Russia’s Photo Impresario
By GINANNE BROWNELL
MOSCOW — It was almost midnight and Olga Sviblova was still going strong. Though the Moscow Manege — an exhibition center adjacent to Red Square — had been closed for hours, Ms. Sviblova was giving a private tour of a show she had curated for the city’s Photobiennale, which runs until the end of June and takes place in dozens of museums and exhibition spaces across the city. Next to a collection of some of Henri Cartier-Bresson’s best-known photographs, Ms. Sviblova had chosen to exhibit the black and white works of Andrey Bezukladnikov, a little-known Russian perestroika photographer.
Ms. Sviblova, the founder and director of the Multimedia Art Museum Moscow (MAMM), said that some art critics scoffed at her placement of Mr. Bezukladnikov’s images, including portraits from a tuberculosis hospital where the photographer was also a patient, next to works by the man many consider the father of modern photojournalism. As Ms. Sviblova smoked a thin cigarette — flouting the ubiquitous “No Smoking” signs — she gave the impression that she had never cared much for critics or convention, anyway.
Ms. Sviblova, 56, has been credited with almost single-handedly bringing to light the lost art of non-official Soviet photography. MAMM, which was founded as the Moscow House of Photography in 1996, will soon move into bigger digs on Ostogenka Street, in the heart of Moscow and close to the Pushkin Museum of Fine Arts. The building will include four floors of large exhibition spaces and archives to house the more than 90,000 photographs and other items in the museum’s collection.
One could also argue that Ms. Sviblova has done for the Russian contemporary art world what Mr. Cartier-Bresson did for modern photojournalism. She has twice curated the Russian pavilion at the Venice Biennale (last year she highlighted the multimedia work of Andrei Molodkin) and is also a noted filmmaker, having won various awards, including the Paris Critics prize at the Semaine de la Critique in Cannes in 1988 for her documentary “Black Square,” about Russian avant-garde artists. Ms. Sviblova has also been the director of the Moscow Photobiennale since 1996, and over her career she has organized more than 500 photography and contemporary art exhibitions in Russia and abroad. Her most recent exhibition outside of Russia, “Glasnost: Soviet Non-Conformist Art from the 1980s,” is running at the Haunch of Venison gallery in London through June 26.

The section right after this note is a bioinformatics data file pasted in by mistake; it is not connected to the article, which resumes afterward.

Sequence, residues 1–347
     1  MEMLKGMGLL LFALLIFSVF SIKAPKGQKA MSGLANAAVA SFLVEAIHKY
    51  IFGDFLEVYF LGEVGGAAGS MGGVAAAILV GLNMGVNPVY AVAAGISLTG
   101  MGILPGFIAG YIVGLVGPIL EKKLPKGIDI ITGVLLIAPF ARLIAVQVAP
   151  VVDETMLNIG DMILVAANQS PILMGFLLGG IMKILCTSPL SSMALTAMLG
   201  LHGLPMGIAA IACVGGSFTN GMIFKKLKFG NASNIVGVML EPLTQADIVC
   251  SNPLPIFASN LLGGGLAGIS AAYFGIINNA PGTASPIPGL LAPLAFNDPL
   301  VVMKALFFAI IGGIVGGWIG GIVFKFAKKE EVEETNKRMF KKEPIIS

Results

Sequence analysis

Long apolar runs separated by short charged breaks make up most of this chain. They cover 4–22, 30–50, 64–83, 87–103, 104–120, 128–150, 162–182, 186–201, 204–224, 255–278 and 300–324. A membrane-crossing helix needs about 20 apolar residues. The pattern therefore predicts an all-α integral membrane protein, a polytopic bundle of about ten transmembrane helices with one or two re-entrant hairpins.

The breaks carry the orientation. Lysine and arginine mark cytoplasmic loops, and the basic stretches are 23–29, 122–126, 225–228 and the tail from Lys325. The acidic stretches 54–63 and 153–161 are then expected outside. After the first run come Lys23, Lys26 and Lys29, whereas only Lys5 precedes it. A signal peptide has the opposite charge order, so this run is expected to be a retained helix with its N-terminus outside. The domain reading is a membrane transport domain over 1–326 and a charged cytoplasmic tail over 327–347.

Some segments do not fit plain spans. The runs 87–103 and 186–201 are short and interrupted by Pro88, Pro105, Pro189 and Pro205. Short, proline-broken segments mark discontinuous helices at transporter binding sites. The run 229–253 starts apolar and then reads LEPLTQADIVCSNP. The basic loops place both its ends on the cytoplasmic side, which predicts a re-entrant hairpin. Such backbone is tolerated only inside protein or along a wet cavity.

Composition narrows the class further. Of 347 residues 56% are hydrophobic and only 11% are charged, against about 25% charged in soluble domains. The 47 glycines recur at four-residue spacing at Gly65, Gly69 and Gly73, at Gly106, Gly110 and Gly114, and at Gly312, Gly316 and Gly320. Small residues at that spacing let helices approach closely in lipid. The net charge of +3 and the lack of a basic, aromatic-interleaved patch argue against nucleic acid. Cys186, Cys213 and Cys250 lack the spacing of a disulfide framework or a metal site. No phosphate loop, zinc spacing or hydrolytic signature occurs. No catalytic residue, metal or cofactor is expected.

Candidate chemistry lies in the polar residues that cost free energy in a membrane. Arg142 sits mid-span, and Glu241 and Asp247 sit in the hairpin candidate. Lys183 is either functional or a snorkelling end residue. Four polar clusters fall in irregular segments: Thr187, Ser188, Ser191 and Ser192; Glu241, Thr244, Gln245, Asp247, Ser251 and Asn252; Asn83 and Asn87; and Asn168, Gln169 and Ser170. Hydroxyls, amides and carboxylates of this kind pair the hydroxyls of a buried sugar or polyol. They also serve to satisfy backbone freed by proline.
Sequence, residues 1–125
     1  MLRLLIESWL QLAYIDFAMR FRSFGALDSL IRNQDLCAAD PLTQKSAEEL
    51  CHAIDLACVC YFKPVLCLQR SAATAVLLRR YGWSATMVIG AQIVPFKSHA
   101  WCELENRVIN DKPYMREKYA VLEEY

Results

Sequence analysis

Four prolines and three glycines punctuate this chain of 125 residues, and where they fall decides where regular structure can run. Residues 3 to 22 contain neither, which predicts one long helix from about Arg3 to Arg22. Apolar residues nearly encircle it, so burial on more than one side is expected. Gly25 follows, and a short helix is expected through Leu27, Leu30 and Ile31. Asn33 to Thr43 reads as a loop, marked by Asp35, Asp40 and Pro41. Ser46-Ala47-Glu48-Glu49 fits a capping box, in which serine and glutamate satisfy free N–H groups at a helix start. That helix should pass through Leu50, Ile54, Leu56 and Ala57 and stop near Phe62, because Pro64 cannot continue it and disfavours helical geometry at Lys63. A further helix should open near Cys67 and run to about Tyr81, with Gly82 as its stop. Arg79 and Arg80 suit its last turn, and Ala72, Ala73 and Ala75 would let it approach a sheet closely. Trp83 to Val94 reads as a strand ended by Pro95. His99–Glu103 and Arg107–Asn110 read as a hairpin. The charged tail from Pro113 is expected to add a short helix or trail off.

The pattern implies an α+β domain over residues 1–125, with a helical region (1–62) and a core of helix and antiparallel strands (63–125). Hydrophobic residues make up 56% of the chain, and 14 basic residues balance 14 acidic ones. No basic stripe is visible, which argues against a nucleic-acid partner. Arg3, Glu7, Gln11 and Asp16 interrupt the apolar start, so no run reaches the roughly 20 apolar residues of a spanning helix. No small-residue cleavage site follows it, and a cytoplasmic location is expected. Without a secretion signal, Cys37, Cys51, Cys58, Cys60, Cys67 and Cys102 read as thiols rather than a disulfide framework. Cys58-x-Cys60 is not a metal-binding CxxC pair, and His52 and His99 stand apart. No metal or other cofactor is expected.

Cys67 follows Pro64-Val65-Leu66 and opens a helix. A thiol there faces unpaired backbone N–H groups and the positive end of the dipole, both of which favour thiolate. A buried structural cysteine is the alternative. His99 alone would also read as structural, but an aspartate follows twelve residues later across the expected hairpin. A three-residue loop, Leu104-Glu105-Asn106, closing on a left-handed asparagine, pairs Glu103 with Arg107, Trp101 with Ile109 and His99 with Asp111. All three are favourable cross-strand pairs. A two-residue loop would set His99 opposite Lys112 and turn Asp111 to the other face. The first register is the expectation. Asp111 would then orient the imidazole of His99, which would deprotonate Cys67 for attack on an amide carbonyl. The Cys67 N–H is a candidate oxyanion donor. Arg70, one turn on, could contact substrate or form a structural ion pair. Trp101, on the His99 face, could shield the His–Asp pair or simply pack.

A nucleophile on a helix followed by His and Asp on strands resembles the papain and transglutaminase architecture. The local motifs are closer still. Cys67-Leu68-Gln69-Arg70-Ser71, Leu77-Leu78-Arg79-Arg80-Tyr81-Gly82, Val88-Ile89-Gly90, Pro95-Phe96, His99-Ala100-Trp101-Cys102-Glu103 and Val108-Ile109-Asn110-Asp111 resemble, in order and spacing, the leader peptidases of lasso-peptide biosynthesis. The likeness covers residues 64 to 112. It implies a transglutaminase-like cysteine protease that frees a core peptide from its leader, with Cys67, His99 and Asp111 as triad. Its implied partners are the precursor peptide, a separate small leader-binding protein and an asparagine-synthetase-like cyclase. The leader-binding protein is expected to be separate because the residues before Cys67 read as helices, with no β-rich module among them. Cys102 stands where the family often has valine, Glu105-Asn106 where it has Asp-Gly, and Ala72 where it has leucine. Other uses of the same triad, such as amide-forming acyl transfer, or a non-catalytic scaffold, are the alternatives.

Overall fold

“She is an absolute tour de force,” said the art historian Nina Miall, who worked with Ms. Sviblova on the London show. “Her advocacy of Russian art — photography in particular — and her work in gaining international exposure for it has been instrumental to the development of the scene.”
Ms. Sviblova has been involved with that scene nearly all her life. Describing herself as a child of the “Khrushchev Spring” — a time of more openness in the Soviet Union after the death of Joseph Stalin — Ms. Sviblova said that the first photography exhibition she ever attended, when she was 6, was a show about the Soviet premier that included Dimitri Baltermants’s shots of Krushchev playing the accordion and eating popcorn.
After attending Mathematical School No. 444 in Moscow, where she says she learned a foreign language and studied the letters of Soviet dissidents — a rare education at the time — Ms. Sviblova studied philosophy and psychology at Moscow State University, later earning a doctorate with a thesis on the psychology of art. She married the Russian poet Alexey Parchikov at 18 (they had one child together, Tim, who is now 26 and a photographer, before they divorced in 1991).